Yes, the Twinkies are coming! Beware or be there, depending on how you feel about Twinkies.
We are going to explore their history, why we love them, what’s in them, how long they really last, and just how frenzied everyone got when they almost disappeared.
Along the way we’ll have some analytical food chemistry, some neurogastronomy, and even a touch of liquid chromatography/mass spectrometry. You didn’t know Twinkies could catalyze such a wide-ranging class, did you?
Everyone will leave with a package of Twinkies and the top 4 recipes for making your own Twinkies, from the Instructables.com’s Twinkie challenge. The recipes include gluten-free, organic and even vegan Twinkies with Soy cream filling!
In addition, three lucky people will leave with either a Twinkies baking pan, or one of two books including the new Twinkie Recipe book (complete with a recipe for Twinkie sushi).
Now, for those of you old enough to remember this 1960s era commercial (or for those either too young, or those who won’t admit to remembering it), here you go! Come join the fun this Thursday night!!
And to those who want to know more about how we use Twinkies in our science classes, that post is still in the works! We don’t just stop at Chemistry though!! :)
In this latest “Catch Of The Day!” post, Micro World Staff member Nancy Locquet discusses our Lab’s “First Settlers,” the Pioneer Protists of the iLab’s micro-ecosystem.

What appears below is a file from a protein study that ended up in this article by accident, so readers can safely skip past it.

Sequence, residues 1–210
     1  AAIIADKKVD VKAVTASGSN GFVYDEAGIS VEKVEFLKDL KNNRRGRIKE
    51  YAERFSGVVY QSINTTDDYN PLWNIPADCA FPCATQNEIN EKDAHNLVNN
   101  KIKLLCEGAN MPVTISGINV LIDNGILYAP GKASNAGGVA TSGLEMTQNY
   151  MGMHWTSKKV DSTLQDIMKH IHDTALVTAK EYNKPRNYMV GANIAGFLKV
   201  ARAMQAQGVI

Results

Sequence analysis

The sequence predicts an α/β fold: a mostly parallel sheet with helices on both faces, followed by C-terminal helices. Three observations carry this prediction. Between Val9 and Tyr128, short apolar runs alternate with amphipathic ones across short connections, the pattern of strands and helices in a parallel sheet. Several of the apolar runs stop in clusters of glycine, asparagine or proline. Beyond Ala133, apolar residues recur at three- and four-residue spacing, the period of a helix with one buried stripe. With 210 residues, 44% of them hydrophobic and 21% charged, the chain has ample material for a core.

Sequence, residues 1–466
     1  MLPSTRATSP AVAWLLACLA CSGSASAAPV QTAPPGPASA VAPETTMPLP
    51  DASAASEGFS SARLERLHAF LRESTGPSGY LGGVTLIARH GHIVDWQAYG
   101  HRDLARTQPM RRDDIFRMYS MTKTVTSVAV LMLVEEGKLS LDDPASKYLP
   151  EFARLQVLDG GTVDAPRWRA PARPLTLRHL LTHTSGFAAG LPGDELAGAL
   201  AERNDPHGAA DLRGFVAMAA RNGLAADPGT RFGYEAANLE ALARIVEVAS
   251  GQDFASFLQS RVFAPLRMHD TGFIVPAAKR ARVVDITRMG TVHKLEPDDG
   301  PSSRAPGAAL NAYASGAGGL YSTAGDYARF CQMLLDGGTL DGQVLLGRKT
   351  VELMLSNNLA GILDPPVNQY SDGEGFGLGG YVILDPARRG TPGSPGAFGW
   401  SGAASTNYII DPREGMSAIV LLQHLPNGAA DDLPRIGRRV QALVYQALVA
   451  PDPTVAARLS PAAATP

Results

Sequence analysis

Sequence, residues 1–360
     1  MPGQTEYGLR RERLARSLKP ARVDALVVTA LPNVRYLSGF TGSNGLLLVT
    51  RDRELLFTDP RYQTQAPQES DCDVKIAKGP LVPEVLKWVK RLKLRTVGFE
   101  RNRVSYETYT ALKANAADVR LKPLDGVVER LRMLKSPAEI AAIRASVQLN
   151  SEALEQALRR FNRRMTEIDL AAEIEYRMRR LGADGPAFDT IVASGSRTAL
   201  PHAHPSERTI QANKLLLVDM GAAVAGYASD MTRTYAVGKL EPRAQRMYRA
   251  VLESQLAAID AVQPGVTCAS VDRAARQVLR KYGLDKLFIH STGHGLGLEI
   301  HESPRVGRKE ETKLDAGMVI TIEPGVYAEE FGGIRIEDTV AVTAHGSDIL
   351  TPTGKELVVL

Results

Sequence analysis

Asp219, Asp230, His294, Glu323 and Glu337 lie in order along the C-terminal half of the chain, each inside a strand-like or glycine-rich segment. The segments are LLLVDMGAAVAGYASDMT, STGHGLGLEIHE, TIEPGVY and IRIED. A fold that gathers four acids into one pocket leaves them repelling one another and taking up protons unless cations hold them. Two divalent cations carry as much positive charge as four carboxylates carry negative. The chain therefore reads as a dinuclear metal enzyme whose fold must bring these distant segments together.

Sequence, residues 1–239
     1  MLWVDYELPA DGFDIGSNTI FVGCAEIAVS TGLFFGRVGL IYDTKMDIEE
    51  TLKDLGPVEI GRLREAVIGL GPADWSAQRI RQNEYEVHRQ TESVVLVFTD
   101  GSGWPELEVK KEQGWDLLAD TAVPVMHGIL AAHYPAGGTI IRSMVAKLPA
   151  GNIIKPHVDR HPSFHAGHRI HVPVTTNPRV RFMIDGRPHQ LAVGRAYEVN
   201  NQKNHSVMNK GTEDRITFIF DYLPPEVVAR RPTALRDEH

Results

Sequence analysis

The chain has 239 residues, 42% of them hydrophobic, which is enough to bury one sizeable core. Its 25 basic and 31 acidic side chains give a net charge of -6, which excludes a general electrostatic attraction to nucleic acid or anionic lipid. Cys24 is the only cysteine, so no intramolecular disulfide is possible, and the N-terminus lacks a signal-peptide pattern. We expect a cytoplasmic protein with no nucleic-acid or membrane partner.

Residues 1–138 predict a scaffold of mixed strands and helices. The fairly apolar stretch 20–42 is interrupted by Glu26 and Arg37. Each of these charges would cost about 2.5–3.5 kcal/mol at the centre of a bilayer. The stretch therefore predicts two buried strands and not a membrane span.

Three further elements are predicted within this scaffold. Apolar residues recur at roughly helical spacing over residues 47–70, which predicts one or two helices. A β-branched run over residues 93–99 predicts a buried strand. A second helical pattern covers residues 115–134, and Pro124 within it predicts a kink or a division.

When scientists talk about ecosystems, they define it as a community of living organisms (biotic factors) such as plants, animals and microorganisms in a specific area where these living organisms function as a unit and interact with one another and with the physical environment (abiotic factors).
The latter are the non-living components such as the local atmosphere, type of soil or water, the temperature, air, humidity, salinity… Ecosystems can be big, such as the Atlantic Ocean, or they can be so tiny you need a microscope to see what’s going on in that “micro-ecosystem” such as a drop of pond water.
The interesting fact is, ecosystems change constantly and are dynamic entities susceptible to the impact of human activities—logging, for instance—or natural disasters, such as earthquakes, avalanches, wildfire, floods, landslides, erosion and many other natural and human interventions.
These natural and environmental catastrophic events are perceived as life-changing; devastating even, but, once in a while, they can bring a positive spin to things. Some ecosystems are born out of the ashes of volcanic eruptions or may be “reborn” through the clearing effects of wildfires. Think about North Carolina’s Long- Leaf Pine Savannas for instance. This ecosystem would simply disappear along with the many endangered plants and animals if fire didn’t occur periodically.